Sunday, August 9, 2020

Celebrating Southern

As someone who grew up in the South, I cherish my Southern roots even in this day and age when saying you are "Southern" is likely politically incorrect.   I learned to sew, to decorate, to entertain, to dress, to stand up when adults entered the room, to respect my elders, to get an education and to cook. Everyone's path in life is different but I am thankful for what I was taught and exposed to growing up in the South.

My Southern roots go straight to the kitchen and I love to cook "gourmet Southern" and can't wait for this book to arrive.  I'd love to visit Vivian Howard's restaurant in Kinston, NC (it's on the way to the beach in eastern North Carolina, smack dab in the middle of what once was "tobacco country.")  We both attended the same high school in North Carolina.

The Chef and the Farmer is currently closed but hopefully one day I'll get to make the trip to Kinston and encounter what is considered to be one of the best dining spots in the country. 

My grandmother taught me and my sisters to sew at an early age.  We started with cross-stitch and moved into needlepoint and my treasure trove of needlepoint pillows made while I was in high school still exist.  So while companies like Lycette have been introducing the masses to stitching some of us have been doing it most of our lives.

And the South was the creator of some of these products that are the foundation of many Southern diets:

Duke's Mayonnaise - the only mayonnaise you'll find in my pantry

Krispy Kreme Doughnuts - The Rudolph Family secret recipe is said to remain hidden in a vault somewhere.  There was only one source when I was growing up, in my hometown, long before these became a household name. We'd get them off the conveyar belt, hot, and eat them by the dozen.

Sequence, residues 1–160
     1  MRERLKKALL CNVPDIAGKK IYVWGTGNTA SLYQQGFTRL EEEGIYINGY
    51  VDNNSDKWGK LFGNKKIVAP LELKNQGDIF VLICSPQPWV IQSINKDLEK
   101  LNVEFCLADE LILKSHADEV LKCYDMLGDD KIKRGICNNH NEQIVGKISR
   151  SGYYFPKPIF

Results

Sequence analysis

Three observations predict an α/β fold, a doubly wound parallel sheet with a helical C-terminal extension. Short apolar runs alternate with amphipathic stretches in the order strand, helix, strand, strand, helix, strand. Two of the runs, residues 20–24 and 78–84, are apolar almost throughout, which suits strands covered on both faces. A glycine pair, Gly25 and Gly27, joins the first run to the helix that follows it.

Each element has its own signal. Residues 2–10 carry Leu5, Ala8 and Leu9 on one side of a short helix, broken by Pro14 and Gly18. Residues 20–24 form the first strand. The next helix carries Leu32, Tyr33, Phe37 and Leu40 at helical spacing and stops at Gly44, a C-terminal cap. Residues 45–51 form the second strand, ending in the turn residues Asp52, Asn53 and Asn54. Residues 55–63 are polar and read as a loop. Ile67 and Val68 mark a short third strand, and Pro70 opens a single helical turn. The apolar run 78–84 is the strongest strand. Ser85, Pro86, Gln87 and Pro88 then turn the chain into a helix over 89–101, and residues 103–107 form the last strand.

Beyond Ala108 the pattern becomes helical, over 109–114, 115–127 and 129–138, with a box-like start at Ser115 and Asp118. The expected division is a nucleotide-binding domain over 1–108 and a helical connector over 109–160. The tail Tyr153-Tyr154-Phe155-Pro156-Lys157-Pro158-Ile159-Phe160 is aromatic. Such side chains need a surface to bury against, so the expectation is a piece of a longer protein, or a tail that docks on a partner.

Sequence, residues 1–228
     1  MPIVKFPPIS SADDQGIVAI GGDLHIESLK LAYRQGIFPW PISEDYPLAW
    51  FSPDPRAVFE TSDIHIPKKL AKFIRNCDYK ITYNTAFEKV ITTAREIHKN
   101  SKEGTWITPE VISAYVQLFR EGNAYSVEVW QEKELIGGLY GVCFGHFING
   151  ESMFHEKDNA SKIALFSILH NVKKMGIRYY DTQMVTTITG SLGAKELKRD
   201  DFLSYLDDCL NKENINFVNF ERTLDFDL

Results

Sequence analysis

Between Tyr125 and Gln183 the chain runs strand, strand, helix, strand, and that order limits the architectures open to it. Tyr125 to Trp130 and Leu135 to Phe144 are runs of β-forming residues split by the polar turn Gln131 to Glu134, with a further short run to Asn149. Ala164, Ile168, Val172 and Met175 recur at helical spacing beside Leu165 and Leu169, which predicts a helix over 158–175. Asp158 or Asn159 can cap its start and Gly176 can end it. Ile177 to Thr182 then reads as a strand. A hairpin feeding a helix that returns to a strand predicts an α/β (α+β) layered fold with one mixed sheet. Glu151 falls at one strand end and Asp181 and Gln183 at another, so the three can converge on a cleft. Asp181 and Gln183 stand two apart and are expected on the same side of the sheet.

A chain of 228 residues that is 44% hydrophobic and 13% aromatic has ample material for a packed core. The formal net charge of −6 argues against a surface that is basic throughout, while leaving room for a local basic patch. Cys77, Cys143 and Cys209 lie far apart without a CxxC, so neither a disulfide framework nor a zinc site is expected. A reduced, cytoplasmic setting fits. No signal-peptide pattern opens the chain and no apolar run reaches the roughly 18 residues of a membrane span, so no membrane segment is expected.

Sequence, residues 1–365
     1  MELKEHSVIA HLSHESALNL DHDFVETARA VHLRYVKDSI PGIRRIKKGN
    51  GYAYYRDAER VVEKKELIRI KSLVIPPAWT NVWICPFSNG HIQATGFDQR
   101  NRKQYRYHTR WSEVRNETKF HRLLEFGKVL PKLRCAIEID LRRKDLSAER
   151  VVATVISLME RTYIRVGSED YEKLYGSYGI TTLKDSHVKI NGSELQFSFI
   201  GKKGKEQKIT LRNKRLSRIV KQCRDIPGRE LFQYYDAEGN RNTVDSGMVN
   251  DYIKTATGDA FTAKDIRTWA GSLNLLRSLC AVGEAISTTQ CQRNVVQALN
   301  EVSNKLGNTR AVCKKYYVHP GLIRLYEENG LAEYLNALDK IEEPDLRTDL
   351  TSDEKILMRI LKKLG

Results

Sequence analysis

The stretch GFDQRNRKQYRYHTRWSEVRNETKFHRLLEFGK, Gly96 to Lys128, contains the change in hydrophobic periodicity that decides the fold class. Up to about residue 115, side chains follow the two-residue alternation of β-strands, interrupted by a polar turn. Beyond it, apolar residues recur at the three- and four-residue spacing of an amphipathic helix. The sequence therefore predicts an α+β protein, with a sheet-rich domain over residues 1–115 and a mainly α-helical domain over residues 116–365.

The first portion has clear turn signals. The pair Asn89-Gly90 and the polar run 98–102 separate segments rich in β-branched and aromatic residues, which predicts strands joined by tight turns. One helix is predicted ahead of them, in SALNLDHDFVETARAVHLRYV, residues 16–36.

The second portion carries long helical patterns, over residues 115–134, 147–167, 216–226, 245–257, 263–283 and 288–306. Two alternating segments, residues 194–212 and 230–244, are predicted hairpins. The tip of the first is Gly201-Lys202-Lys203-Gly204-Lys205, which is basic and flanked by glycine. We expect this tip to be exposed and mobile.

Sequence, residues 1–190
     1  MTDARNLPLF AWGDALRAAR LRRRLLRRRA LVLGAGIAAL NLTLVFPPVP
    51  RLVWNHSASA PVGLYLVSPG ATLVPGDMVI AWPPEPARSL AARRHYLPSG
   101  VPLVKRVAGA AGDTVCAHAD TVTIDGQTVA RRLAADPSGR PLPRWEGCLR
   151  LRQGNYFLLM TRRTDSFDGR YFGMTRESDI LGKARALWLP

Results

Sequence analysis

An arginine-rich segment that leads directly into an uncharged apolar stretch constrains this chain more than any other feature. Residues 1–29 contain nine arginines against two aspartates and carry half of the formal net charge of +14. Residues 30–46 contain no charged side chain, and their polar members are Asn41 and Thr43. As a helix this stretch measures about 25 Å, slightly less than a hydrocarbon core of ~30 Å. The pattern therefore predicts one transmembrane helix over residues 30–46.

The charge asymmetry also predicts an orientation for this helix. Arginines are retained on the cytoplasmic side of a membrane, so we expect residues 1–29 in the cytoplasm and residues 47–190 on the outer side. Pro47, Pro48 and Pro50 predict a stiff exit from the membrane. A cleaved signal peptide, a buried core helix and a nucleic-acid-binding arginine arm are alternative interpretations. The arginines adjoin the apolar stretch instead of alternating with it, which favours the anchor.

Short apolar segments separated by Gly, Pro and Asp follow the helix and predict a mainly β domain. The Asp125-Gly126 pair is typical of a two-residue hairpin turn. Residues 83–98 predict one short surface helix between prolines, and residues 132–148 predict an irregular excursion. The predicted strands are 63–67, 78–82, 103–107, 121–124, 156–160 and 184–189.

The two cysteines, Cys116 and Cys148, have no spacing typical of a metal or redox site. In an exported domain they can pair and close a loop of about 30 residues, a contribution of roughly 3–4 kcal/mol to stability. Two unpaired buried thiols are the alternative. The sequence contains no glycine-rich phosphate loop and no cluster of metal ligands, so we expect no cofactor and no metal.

Texas Pete Hot Sauce - the only hot sauce in my house, made near my hometown.  

Mt. Olive Pickles - Eastern North Carolina's finest.

And a good Southern upbringing brings with it a vocabulary all your own, and you'll need a real Southern to interpret, trust me....  You can get a primer here.

Did you feel the earthquake around 8 am EDT this morning?  I was on a horse so I did not feel it but it hit North Carolina and was felt several states away.  Pandemics, hurricanes and now earthquakes.  Mother Nature is mad, very mad.


  1. If you get the chance, I highly recommend watching Somewhere South. It’s Vivian Howard’s show she did with PBS. It’s available for purchase on Amazon. Episode 1 was meh, but the further they progressed, they were wonderful. They pulled at your heart strings in good ways, and made you aware of our beloved South’s tainted past as well. I think you’ll love it, if you love the food, and Vivian Howard.

  2. Thank you so much! I will try to find it.

  3. Don't ever apologize for being raised in the South. . I spent 10 years in Virginia. The only thing I didn't like was the hot weather.. Virginia is a beautiful state, full of history, wonderful scenery; many, many vineyards (great wine, I miss it!) and wonderful traditions. I loved traveling the state; there was always something different and new to discover. I loved the Waterford Fair in October; Garden Week in April throughout the state and the historical re-enactments...Wonderful Southern traditions!

  4. love your blog although I don't post a comment often. Glad to know about Vivian Howard. I had gotten away from Dukes and switched to Wickles (from AL) relish but I may go back and buy Dukes again. I'm fiercely proud, raised in the deep south and for many generations back. Always love your "finds" and am an avid needlepointer, rug hooker etc. Cheers Mel

  5. I am from Kinston, where Vivian Howard was born. I understand that she attended a different high school, otherwise we would have attended the same small school out in the county. I have not dined at C&F, but we loved her oyster bar. Vivian is from a food animal agriculture family, raising pork. She has done a tremendous job of highlighting old southern food traditions and advocating for farmers, who work so hard to raise our food.


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